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EYES WIDE OPEN

Andrew Osagie

8 August 2012

Another day, another medal. After yesterdays minor blip, Team GB got another medal in the athletics from high jumper and part-time underwear model Robbie Grabarz. Robbie’s first time clearance at 2.29m was enough for him to share bronze with three other athletes. It really has been a big turnaround for Robbie. He was a very, very talented junior athlete, but then seemed to stagnate a little bit for a few years. After a very honest and open “discussion” with his coach Fuzz Ahmed at the end of last season, a big change in attitude has paid off. Robbie has been in amazing form all year, clearing 2.36m in New York back in June, so a medal was no less than he deserved. Champion Ukhov from Russia deserves a lot of credit for his victory. He lost his competition vest halfway through the competition, and had to put his spare number of a t-shirt in order to compete. This may have thrown a lesser athlete, but Ukhov followed this incident with a first time clearance at 2.33, followed by first time clearances at 2.36 and 2.38. Calamity seems to follow Ukhov around – you may remember him getting drunk before a competition a few years ago, and then struggling to take off!
 
The evening session also brought success for Andrew Osagie in the men’s 800m. A great run for second place in his semi-final qualified him automatically for the final, which is excellent news. Brendan Foster will no doubt be pleased that Andrew “kept closer order”. I’ve yet to work out what this means, but it is his advice to every single athlete in events of 800m-10,000m who isn’t winning. He may as well just tell them to run faster. Shara Proctor was also in brilliant form, qualifying for the women’s long jump final with a first round jump of 6.83m. Team GB’s other finalist of the day, Lawrence Okoye in the discus, finished 12th with a throw of 61.03m, below his qualifying performance. In the off chance that he actually reads this, I’d like to make it perfectly clear that I am not saying this is a disappointment at all. Please don’t hit me Lawrence. Tiffany Porter missed out on qualification for the 100m hurdles by two places, running 12.79 seconds. Finally, Margaret Adeoye and Abi Oyepitan were both eliminated in the semi-finals of the 200m.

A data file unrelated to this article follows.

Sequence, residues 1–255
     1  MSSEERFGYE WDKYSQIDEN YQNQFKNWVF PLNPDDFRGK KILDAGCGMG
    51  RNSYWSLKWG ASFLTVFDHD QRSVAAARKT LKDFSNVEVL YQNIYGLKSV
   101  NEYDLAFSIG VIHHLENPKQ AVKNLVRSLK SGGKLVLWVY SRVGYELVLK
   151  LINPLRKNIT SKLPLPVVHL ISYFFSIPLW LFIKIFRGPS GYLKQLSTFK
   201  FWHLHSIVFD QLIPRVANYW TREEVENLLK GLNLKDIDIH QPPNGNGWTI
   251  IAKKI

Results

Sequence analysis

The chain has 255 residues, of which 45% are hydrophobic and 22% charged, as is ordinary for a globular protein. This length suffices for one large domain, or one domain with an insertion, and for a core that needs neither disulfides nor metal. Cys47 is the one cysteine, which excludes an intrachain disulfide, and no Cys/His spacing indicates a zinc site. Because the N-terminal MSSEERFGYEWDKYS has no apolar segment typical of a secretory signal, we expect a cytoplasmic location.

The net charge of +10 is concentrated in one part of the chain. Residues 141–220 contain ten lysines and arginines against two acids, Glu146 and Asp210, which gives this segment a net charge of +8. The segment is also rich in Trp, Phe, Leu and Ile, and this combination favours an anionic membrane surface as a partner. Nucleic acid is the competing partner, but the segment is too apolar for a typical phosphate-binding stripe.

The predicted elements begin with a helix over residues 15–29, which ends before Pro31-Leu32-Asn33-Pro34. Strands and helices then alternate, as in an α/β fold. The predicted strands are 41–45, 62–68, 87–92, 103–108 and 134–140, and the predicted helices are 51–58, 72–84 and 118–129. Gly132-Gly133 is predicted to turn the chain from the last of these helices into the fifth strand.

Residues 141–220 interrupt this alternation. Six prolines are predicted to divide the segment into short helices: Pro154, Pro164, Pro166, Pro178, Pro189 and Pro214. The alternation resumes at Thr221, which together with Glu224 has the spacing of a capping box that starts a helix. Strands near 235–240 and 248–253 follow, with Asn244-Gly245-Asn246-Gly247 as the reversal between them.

The highlight of the morning session for me was the men’s 200m heats. Specifically, I enjoyed Christian Malcolm’s post-race interview. Christian stated that he really doesn’t like the early morning starts and races. I’d like to point out that Christian’s heat took place at 12.06pm. You know life is good if you can class that as an early morning start. Christian did well to qualify second in his heat with 20.59 seconds. There was disappointment for James Ellington as he finished 6th in 21.23, and was knocked out. I know James very well, and he will not be happy with this result. He is a really tough guy though, and will be back stronger in the future.
 
Other good news from the morning session included Julia Bleasdale and Jo Pavey making the 5000m final in a performance that included a PB from Bleasdale and an SB from Pavey. Barbara Parker also ran a PB, but failed to qualify for the final. Lawrence Clarke (13.42) and Andy Turner (also 13.42) both made the semi-finals of a sprint hurdle event that was absolute carnage in the heats. In Andy’s heat alone, there were three DNFs and a DQ!
 
Yesterday we were also reminded of the lows in athletics. Goldie Sayers was really struggling in the javelin, thanks to an elbow injury she sustained at Crystal Palace. You could see how much it was hurting her, as she looked to be having difficulty even holding onto the spear. In the end, she walked through in all three of her throws, and ended up eliminated. It was a similar story for Andrew Pozzi in the 110m hurdles. Again, he injured himself at Crystal Palace, in this case tweaking his hamstring. Andy couldn’t even make it over the first hurdle, as the hamstring was obviously really hindering him. Finally, the worst kept secret in sport, Phillips Idowu’s injury, was too much for him to overcome. He leapt out to 16.53m, and failed to qualify for the triple jump final. All three of these athletes illustrate that high-class athletics operates on a knife-edge. When you are pushing your body to the limit in pursuit of a great performance, you are always at risk of injury. In Goldie’s case, injury struck straight after throwing a British record. With Andy, injury came in the same competition that he ran a PB. I really feel for these three athletes - they certainly gave it their all on the day, but their bodies just let them down.
 
Look out for my former housemate Mervyn Luckwell in the javelin this evening. Please don’t confuse me with him, as his coach did last year at the training centre. I now get called “Merv” on a daily basis at training, which I am less than pleased with. I’ll be going in the 4x400m relay on Thursday instead. True story – I once had a 25 minute conversation with someone about the 4x400m relay leg I ran at the European Cup, as I couldn’t bring myself to tell them I wasn’t Richard Strachan.

Mervyn Luckwell
Richard Strachan